The formation of wrinkles, one of the aspects of aging skin, results as a consequence of a degenerated dermis. The aged protein network, muscle contractions and gravitation result in wrinkling of the skin. Currently, in the cosmetic industry, treatments for skin rejuvenation are rapidly evolving. Only a few techniques are used to counteract the aging dermis. One of the most promising areas is non-ablative laser techniques. These techniques have clinically been tested. However, the physiological background remains to be established. It is hypothesized that laser induced heat in the skin causes a heat shock and a subsequent heat shock response by the dermal fibroblasts. This heat shock response is said to stimulate, through heat shock proteins, the collagen synthesis by these cells. Subsequently, the laser has next to the thermal effect also a photochemical effect, where the photons are absorbed by cytochrome-c proteins, located on the cell membranes of the fibroblasts, and by doing so enhance the oxidative phosphorylation process, which in turn would result in a positively stimulated metabolism of the cell resulting in synthesizing more proteins, such as collagen. The present thesis focuses on the influence of the thermal effect on the collagen production of human dermal fibroblasts in culture and in ex-vivo skin. A model was developed that describes the interaction of laser light with skin resulting in the generation of heat. This model was combined with a transport model to describe the distribution of this heat through the skin. The model was used to determine the optimal laser conditions for heating and to describe the temperature distribution in the skin as a function of time. To investigate the response of human skin to heat shocks, the initial research was performed on cell cultures. Here, human dermal fibroblasts were cultured and exposed to heat shocks of 45°C and 60°C, respectively, and with pulse duration of 2 seconds. The results of this study showed that these heat shocks enhanced the collagen type I synthesis. Subsequently, a study was performed with heat shocks of 45°C and 60°C that were applied for 2, 4, 8, 10 and 16 seconds. The conclusion from this study is that 8 to 10 second pulses at 45°C are the maximum exposure time range at which the collagen type I synthesis is optimal. In addition, viable ex-vivo human skin samples were immersed into heated PBS of 45°C and 60°C. The 45°C heat shock does not create damage at all, while the 60°C heat shock shows initial damage around the cells in the skin. It was demonstrated that procollagen type I as well as type III were upregulated by both 45°C and 60°C heat shocks. Subsequently, a pilot study of a laser induced heat shock on ex-vivo skin study was performed. The results of this research demonstrated that the 45°C laser induced heat shocked did not damage the skin samples. The 60°C laser induced heat shock, on the other hand, demonstrated the presence of hsp27 in the area of the cells, and indication of early damage. The gene expression results revealed that the 45°C heat shocks upregulated procollagen type I. In conclusion, it has been shown in this thesis that a heat shock of 45°C applied to fibroblasts or in ex-vivo skin results in upregulation of in collagen heat shock gene expression. Furthermore, the cell studies showed the relevance of the combination of time and temperature; an optimal exposure time range of 8 to 10 seconds at 45°C to achieve the highest amount of collagen type I was found. Also the harmful nature of a 60°C heat shock was revealed. Showing that collagen synthesis can be enhanced by the 45°C heat shock is another step towards understanding the physiological pathways that lead to skin rejuvenation.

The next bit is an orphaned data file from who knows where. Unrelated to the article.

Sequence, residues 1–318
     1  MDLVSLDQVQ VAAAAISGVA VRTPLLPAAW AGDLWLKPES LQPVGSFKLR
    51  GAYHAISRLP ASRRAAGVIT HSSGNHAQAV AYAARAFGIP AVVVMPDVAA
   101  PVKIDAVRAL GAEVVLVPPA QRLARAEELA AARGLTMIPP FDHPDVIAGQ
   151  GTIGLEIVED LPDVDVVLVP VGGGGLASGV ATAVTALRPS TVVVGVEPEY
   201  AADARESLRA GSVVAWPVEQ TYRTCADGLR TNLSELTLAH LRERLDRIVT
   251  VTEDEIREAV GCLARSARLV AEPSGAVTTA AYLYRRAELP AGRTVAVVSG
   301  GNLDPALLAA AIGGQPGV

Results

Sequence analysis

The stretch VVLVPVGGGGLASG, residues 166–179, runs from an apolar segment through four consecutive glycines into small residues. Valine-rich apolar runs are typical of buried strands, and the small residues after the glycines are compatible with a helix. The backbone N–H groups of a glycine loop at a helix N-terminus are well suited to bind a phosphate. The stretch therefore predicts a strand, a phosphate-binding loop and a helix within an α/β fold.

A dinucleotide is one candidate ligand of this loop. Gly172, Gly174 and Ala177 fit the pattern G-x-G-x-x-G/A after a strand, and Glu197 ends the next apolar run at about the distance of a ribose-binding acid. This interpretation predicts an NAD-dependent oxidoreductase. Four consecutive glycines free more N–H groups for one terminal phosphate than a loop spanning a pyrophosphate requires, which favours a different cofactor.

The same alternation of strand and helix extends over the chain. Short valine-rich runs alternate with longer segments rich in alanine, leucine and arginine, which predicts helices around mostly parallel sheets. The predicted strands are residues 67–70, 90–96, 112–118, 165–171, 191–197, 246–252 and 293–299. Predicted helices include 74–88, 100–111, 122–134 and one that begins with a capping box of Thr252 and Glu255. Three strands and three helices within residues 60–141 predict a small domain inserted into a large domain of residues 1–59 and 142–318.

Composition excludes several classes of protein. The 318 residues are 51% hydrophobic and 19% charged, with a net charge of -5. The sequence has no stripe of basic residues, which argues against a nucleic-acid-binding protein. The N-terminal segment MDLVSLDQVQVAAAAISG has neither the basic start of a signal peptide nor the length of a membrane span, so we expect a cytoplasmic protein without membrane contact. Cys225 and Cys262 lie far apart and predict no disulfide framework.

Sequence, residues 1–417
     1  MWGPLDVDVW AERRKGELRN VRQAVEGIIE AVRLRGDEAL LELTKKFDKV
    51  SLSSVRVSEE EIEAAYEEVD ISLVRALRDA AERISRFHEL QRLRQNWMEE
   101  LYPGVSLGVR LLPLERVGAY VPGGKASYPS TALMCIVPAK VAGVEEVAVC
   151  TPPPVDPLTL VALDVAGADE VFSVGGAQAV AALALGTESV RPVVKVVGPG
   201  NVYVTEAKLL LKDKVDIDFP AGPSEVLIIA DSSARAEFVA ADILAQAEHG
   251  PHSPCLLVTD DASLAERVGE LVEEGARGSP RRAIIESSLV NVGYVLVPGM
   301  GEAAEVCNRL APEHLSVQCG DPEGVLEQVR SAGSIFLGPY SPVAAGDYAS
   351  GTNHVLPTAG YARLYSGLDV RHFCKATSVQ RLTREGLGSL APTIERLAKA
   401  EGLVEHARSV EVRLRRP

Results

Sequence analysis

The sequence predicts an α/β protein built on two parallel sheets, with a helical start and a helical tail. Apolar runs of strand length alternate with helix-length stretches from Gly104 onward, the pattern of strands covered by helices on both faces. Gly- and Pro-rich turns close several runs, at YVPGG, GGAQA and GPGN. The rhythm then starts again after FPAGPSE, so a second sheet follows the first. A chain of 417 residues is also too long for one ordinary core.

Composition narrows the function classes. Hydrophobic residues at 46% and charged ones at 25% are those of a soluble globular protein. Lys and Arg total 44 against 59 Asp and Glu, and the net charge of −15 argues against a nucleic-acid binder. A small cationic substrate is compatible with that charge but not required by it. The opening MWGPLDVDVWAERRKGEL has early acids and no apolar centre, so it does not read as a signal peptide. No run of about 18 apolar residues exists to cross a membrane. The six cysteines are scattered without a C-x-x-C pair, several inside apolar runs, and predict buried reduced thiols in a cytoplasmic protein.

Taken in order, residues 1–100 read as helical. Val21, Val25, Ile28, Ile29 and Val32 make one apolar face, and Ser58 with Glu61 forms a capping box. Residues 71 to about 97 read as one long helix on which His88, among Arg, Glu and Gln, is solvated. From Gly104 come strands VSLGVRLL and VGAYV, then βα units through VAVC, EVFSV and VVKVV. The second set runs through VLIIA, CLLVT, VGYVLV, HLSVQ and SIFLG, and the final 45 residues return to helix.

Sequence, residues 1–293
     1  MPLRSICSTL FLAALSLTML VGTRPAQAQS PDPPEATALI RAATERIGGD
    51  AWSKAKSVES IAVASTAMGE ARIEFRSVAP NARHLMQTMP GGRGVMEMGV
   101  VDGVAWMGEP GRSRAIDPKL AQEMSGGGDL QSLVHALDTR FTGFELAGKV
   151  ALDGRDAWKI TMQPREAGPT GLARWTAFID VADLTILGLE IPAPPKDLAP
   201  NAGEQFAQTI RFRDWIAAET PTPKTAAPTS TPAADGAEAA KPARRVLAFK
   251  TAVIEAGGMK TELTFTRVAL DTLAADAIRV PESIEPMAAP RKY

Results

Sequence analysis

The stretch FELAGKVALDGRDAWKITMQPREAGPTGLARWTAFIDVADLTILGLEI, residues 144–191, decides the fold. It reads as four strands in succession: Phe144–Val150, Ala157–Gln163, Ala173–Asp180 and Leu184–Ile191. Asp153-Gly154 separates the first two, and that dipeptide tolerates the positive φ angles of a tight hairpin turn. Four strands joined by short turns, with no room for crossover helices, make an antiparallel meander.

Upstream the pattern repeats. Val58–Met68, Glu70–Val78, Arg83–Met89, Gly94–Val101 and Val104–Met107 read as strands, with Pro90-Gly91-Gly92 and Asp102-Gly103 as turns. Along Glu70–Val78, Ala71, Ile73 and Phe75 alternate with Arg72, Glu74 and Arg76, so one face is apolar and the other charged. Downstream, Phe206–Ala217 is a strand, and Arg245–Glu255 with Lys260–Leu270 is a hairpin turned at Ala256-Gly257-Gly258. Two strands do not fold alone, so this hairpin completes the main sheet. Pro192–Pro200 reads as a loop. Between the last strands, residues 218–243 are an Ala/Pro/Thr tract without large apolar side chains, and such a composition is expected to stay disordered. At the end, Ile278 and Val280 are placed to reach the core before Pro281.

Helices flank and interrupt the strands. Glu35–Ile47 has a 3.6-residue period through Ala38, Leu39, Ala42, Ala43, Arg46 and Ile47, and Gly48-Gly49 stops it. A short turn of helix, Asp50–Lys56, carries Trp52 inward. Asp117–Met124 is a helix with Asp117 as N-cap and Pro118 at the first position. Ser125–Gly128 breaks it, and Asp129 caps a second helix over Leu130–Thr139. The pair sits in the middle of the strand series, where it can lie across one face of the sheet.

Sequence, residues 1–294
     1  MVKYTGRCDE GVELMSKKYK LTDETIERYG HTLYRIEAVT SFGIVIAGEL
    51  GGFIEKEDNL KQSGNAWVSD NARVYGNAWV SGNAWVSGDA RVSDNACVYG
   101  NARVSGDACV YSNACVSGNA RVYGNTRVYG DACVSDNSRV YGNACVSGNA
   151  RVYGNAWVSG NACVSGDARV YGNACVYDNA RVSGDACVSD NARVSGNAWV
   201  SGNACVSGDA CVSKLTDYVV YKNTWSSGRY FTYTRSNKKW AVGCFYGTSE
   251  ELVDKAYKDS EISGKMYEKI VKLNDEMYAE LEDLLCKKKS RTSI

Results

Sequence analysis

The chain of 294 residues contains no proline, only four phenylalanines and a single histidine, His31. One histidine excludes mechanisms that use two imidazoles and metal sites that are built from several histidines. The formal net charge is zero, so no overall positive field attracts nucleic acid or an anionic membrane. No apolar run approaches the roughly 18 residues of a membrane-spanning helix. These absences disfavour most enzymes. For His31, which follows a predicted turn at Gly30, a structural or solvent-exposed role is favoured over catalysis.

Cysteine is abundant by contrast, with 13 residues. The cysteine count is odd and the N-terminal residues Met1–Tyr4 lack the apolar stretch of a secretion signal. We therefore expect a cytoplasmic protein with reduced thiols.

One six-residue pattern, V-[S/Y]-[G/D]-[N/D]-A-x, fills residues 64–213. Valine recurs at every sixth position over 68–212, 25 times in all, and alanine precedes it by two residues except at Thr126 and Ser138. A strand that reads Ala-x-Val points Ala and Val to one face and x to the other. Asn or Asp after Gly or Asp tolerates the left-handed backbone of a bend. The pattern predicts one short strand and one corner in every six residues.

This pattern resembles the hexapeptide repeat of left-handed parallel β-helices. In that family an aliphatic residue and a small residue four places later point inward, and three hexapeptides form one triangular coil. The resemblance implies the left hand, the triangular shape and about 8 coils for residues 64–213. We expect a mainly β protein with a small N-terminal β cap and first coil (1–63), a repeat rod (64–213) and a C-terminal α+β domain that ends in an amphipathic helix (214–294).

|Qualification||Doctor of Philosophy|
|Award date||9 Sept 2010|
|Place of Publication||Eindhoven|
|Publication status||Published - 2010|